We are all hunters at heart and as much as we enjoy the experience, we want to finish our #AKadventure. Stay tuned…


The Alaskan Hunt: Fighting Wind

AK Blog Header

High gusty winds were the name of the game Wednesday morning for our Alaskan Hunt, once again forcing a delayed start to our day. We know Moose hunting can be a waiting game, hoping for the right conditions to surface and the Moose to be visible during their rutting patterns. Unfortunately, we have not had those conditions as of yet and we are optimistic it will come.

We went South of camp for a good morning hunt/hike, stopping to call, listen and watch in places where the game trails crossed. The wind certainly kept our calling effectiveness to a minimum. The temperatures rose a bit with our mid day temps in the 40s and with no significant moisture, it was a welcome change. Having covered a good portion of the lake over the first three days, we are beginning to question the strategies we have been using and the actual number of resident Moose in the Chandalar Lake region. Again, we do believe a weather change might in fact be our ticket to opportunity.

Traveling the lake in these high gusty winds is not an easy task. The boat/motor we have to use are the bare minimum in our opinion and at times we have taken on water during our travels in the waves. With a limited amount of gas to get us by for the next 8 days, we are concerned about our travels on the lake and plan to conserve as much as we can, not to mention taking all safety precautions.

Hunting Moose in Alaska, Moose Hunting, Hunting Tips, Hunting when windy, Good hunting clothes for wind, Alaska TV Shows, Women who hunt

image1 (7)


The Alaskan Hunt – Hunting Moose in Alaska

AK Blog Header

We woke at camp to a beautiful four inches of fresh snow and heavy flakes that made our first hike for Alaskan Moose nothing short of awesome. The temperature was 34 degrees and with very little wind, it made our morning hunt enjoyable. Having located a Bull behind camp the night prior, our mission was to find the Bull and bring him down. Ashley was first in line to get her first-ever big-game kill this a.m., with all of us looking on.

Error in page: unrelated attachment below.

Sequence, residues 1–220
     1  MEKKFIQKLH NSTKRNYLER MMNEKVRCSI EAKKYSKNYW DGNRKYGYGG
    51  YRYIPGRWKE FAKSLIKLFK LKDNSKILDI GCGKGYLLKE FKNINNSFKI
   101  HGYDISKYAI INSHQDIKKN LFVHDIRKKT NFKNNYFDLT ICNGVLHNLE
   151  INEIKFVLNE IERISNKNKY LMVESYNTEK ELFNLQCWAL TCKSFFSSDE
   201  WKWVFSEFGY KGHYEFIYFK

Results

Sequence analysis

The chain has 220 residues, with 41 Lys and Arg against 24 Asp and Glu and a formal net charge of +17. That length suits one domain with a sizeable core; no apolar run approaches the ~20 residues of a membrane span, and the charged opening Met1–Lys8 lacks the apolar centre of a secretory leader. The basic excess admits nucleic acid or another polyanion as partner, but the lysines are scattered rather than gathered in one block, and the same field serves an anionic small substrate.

image1 (4)crop

As the day progressed and we set up numerous times calling and waiting, we never located the Bull. The calling sequences last for at least 30 minutes as Moose are not normally active animals, so they often come into the calls sometimes hours after being engaged.

We headed back to camp around 4 p.m. after hiking five miles through some of the hardest conditions we’ve covered, for relatively flat ground. The “Bog” of the Arctic Tundra is hard to explain as each step varies from completely unstable to a foot deeper than the prior. The moisture in the ground is unbelievable and requires our Kenetrek boots and Kings gaitors to keep us dry up to our knees.

After a break at a camp we went out for the last few hours to a new spot up the Chandalar Lake, traveling by boat. This vantage point was simply awesome as we could see for a mile in either direction as well as the Mountain in front of us. At last light, we located a Bull up at the top of the Mountain, a place you would not expect a Moose to be. At over a mile, he appears to be the one we are looking for. With our spirits high, we were back in camp in time for a enjoyable freshly caught fish dinner with friends and discussions of the morning hunt!

Tuesday – The Weather Battle

image1 (3)

Excited to get out on the hunt, the Arctic Circle weather forced our morning hunt to be delayed for a few hours. High winds blowing across the lake, heavy snow flakes and a front that cut our visibility to less than 1/4 of a mile, made it very difficult to see and call Moose. The reality of Alaska Moose hunting weather.

Knowing we could not see a long way, we hiked out behind camp to the basin of the mountain where we spotted the moose at last light, hoping he might be on the move or we could possibly get close enough for our calling to be effective. After a 3 1/2 hour morning hunt, watching the snow come down in sheets, we elected to dry out for a mid-day break back at camp. We are electing to conserve energy for when the weather breaks and our hunts will be all-day adventures.

The fishing on Chandalar has been very good, and has also been a great way to pass some time mid-day when the hunting is poor. So far we have caught Lake Trout and Arctic Grayling. Ashley was excited to land her first!

The evening hunt was much like the morning, as we hiked back up the mountain to try locate the bull that we spotted the evening prior. The winds were too high, once again, to do any effective calling and no moose were spotted. With just over a week until departure, we are hopeful the weather breaks and we catch a break.